In response to:

Rigging the Lawrence Case from the September 29, 1977 issue

To the Editors:

Having printed Mr. Nigel Dennis’s estimation of my T.E. Lawrence under the title “Rigging the Lawrence Case” [NYR, September 29], you will perhaps allow me to show why I consider his review inaccurate where it seeks to cut and unfair where it conceals? I have no intention of defending my use of metaphor, but note that Mr. Dennis uses crime imagery (I hope metaphorically) no less than a dozen times in his first column. Nor do I intend to argue whether Arab princes (who flee the sun) go ivory when angry (as British colonels go plum-colored), though it is my impression, after twenty-nine middle-eastern years, that they do. Nor do I contest Mr. Dennis’s right to dislike my portrait though I suspect that the author of the century’s most brilliant atheist play (The Making of Moo, 1957) may be one of those referred to by the columnist in the September Encounter: “We do not like to have our myths destroyed, more especially if they are myths which have been created in our own lifetime, when it seems as if men have lost both the material and the faculty for myth-making, and anyone who engages in such a task must be prepared to meet the indignation of those who feel that they have been stripped of some precious possession.” The columnist, incidentally, found that one of the merits of my book was that it increased one’s admiration of Lawrence.

But when Mr. Dennis writes that “we are astonished to read that one night, in a crowded village house, ‘Lawrence snuggled close to Dahoum in “a most royal heap of quilts, all, wonderful to say, nearly deserted,” ‘ “deserted does not imply that I am pushing Lawrence unnecessarily close to Dahoum (Dr. Mack’s candidate for the dedication of Seven Pillars), but that the quilts were for once clear of fleas: I inserted the quotation because it shows Lawrence’s Georgian style and echoes previous adversions to insects. Mr. Dennis omits the introduction to my sentence: “The talk having turned to the supernatural, no one wanted to go out into the dark, and the entire party (Lawrence estimated them as twenty-four) slept together in a tiny house no bigger than an English study.” This plainly paraphrased Lawrence’s letter of December 16, 1912 to Hogarth, his mentor, and showed (since the party included the host’s wives and children) that Lawrence must indeed have been close to Dahoum.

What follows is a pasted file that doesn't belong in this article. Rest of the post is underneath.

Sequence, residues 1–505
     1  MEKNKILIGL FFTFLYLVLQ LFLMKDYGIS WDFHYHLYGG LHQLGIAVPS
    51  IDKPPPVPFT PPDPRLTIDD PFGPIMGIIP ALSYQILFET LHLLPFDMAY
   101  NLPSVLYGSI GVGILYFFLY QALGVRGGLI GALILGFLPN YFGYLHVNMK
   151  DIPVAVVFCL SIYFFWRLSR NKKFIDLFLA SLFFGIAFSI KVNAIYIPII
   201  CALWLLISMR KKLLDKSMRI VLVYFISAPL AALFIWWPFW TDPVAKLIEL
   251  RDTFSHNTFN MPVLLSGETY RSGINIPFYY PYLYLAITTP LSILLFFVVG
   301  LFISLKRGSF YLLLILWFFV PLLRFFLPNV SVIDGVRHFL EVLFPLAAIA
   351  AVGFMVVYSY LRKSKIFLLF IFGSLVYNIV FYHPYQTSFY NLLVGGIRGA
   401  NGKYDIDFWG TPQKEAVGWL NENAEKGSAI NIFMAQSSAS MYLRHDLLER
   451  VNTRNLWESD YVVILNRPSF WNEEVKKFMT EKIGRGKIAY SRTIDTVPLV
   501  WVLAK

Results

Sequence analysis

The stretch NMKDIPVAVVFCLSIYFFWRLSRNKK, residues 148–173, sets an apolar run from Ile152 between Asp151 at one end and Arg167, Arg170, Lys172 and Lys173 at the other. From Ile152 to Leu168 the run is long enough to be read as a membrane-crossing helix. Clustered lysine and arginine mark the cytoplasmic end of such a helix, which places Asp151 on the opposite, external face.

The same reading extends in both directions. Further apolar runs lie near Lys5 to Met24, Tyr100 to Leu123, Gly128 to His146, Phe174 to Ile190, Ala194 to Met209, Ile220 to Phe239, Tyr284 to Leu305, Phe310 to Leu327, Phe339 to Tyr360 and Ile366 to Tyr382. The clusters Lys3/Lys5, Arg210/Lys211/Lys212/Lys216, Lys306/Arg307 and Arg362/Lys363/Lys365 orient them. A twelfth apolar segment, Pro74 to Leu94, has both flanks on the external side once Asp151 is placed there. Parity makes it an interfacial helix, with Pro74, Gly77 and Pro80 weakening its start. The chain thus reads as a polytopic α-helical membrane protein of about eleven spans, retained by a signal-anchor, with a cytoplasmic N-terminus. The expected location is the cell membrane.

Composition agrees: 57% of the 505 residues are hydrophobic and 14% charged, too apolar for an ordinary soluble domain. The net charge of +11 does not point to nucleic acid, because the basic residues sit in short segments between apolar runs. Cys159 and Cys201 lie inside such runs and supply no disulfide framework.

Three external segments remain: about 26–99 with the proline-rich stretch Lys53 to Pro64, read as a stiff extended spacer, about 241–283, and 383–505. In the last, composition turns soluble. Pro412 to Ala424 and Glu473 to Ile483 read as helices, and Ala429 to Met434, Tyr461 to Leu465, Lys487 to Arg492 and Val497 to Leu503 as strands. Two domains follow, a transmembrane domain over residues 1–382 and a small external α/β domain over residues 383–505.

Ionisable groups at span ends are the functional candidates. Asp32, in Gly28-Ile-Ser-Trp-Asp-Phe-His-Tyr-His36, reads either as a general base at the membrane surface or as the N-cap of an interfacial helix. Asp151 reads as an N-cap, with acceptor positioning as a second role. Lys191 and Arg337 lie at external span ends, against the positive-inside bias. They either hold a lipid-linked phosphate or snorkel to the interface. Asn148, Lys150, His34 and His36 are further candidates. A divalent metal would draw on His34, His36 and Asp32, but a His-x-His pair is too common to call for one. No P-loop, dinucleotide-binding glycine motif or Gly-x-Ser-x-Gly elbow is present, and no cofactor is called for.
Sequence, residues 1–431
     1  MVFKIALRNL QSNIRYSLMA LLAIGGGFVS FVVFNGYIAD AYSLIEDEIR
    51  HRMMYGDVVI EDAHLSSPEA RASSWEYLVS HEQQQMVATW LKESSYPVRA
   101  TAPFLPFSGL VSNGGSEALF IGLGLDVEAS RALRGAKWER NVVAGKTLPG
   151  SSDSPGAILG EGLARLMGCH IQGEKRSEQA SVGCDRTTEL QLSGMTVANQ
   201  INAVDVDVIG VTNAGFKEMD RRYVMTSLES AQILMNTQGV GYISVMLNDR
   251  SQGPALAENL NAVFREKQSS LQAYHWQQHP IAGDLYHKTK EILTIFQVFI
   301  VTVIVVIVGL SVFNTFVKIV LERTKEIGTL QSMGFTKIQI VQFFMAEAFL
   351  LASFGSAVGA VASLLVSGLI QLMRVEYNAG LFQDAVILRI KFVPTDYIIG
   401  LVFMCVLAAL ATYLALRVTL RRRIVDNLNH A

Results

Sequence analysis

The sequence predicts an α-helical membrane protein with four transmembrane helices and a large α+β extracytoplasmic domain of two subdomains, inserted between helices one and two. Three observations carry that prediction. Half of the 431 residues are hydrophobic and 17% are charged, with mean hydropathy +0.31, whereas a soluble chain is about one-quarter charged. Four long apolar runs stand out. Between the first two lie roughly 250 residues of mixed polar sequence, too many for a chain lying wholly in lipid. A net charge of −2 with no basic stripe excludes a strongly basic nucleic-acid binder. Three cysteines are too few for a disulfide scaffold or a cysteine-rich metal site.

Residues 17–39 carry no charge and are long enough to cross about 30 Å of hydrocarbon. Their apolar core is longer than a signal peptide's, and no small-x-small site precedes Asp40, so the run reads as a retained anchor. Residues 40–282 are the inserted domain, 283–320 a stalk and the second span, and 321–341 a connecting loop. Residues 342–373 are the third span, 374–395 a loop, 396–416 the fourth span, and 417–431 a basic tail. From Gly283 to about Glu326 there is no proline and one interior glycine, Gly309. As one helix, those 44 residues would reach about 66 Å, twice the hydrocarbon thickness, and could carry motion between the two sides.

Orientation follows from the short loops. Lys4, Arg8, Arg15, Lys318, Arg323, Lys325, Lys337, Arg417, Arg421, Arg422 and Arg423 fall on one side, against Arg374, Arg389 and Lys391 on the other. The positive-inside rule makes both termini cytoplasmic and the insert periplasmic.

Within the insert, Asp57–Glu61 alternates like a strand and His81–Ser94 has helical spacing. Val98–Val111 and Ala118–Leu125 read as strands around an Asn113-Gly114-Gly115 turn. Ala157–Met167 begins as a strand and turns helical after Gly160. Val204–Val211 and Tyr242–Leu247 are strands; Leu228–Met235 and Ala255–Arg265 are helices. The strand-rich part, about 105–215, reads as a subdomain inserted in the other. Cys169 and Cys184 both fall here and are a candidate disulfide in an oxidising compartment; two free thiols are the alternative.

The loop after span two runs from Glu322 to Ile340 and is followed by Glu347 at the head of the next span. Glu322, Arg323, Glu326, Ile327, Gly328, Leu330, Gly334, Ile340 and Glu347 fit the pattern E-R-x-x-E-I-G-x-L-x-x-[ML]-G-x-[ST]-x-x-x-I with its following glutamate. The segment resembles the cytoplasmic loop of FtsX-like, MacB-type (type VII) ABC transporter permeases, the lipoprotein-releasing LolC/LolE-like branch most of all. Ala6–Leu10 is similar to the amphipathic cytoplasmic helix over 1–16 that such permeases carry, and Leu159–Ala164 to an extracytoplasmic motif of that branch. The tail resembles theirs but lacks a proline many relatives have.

Mr. Dennis claims that it is verifiably untrue that Lawrence “expressed an obsessive dislike for women under sixty” and that when I wrote that he “excluded nubile women even from the norms of politeness” I relied “entirely on Lawrence’s snubbing of one woman who had a tendency to gush.” Apart from his general statements belittling women as writers,1 attacking the suffragette movement2 and their bodies,3 we have his admission that “I take no pleasure in women. I have never thought twice or even once of the shape of a woman: but men’s bodies, in repose or in movement—especially the former, appeal to me directly.”4 He wrote to a service friend: “The cottage will never be less than partly yours, whenever you want it, unless some scurvy married couple borrow it from me again. I don’t like women in my place anyhow….”5 He could indeed be friendly to the wives of patrons (such as Winifred Fontana, whose husband was Consul in Aleppo) or friends: Celandine Kennington’s husband was immortalizing Lawrence in pencil and stone while Florence Doubleday’s husband was publishing him in America. But the two women selected to memorialize their friendships in T.E. Lawrence and his Friends were appropriately Millicent Candy, seventy-eight at the time they met, and Lorna Norrington, eleven. As evidence for his rudeness to nubile women I could have added Gertrude Bell before the war (thirty-six at the time he “squashed” her6 at Jerablus) and after the war the hostess at whose table he disdained all food.7